As a Lilapsophobic in the middle of "Dixie Alley", I dread November 15 as much as a superstitious person would a Friday the 13th.
Posted by Ricardo | November 17, 2006
Doctor, Your article reminded me of another date that had some real similar coincidences for volitle weather, Jan. 15, but it could be more like the particular focal mechanism,s just happened to get energized on the same calender date, not to say that other dates are not mere coincidences but synchronized events.
Posted by bry | November 16, 2006
Wow! November 15th is bad (in coincidence). Also, the year 2006 has been bad by the killer tornadoes that have occurred. Many tornadoes this year have killed more than three people (like Newbern, Gallatin, Bradford, and Riegelville). So November 15th, and 2006 are bad.
Posted by Anonymous | November 16, 2006
I live near Philadelphia and I, too, will be affected. It is just after 4:30 11/16 and rain is occuring. To my west, Strong t-storms are hitting areas like Redding,Baltimore, D.C., etc. All these events are occuring and I don't understand what the dynamics are for tornadoes to occur - they are different from the spring/ summer that for November. It's chaotic...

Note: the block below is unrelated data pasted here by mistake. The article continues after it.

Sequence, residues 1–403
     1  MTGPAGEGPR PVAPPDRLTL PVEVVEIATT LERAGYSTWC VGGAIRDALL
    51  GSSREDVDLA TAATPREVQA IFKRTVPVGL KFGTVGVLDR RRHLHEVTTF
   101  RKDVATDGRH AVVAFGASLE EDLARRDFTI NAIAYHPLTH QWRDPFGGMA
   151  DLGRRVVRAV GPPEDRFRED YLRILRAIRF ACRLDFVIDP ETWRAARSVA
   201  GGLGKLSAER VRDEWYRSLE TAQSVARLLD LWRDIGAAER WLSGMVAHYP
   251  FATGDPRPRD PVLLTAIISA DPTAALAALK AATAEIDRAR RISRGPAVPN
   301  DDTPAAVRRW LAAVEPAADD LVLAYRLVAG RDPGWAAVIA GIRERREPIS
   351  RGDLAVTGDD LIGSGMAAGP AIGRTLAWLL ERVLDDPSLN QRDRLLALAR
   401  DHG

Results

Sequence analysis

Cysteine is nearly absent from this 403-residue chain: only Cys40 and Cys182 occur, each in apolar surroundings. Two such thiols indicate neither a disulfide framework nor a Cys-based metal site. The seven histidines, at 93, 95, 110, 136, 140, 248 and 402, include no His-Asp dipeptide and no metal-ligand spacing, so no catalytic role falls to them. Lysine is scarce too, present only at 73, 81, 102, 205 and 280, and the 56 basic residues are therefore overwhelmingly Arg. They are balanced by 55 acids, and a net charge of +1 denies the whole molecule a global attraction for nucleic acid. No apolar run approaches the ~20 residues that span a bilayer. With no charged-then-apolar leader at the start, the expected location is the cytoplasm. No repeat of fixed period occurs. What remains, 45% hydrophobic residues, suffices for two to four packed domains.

Posted by Jaron | November 16, 2006
That hook echo was really obvious looking. I can understand why November is the second tornado season. Whether it is Fall to Winter or Winter to Spring, the battle between warm and cold air must be intense. I noticed warnings and watches got out in plenty of time. It's too bad people don't take watches and warnings very seriously. I think for Christmas, people should consider giving a NOAA weather radio alarm to their loved ones.
Posted by Michael Amato | November 16, 2006
The public can help storm victims by purchasing a copy of the Storms of 2006 Charity DVD, available at www.stormsof2006.org - 100% of the profits of this DVD will go to storm victims largely through the American Red Cross. This DVD includes the combined efforts of over 50 storm chasers bringing you the most intense storms and tornadoes of the year. Runlength is a full 2 hours - only $24.95
Posted by Verne Carlson | November 16, 2006
Sorry I've been missing with the blog entries! We are installing new hardware to our PC and its taken a while to get it working right.
Posted by Veronica | November 16, 2006
I have have herd Da Ja Vu, in weather before but this is rediculis mother nature just love to press the rewind button, tell mother nature to press the forward button,tronados, tropical force winds and tidal waves ? Mother Nature Give Us a Break.(please)
Posted by Hanna | November 16, 2006
i dont know how im supposed to get home tonight since the severe flood watch and hurricane winds im afraid the parkways are going to be havoic for the ny lonigisland area.. its seems like the weather is going to worsen.... its going to be halvoic for the roads tonight.....
Posted by chris sciurba | November 16, 2006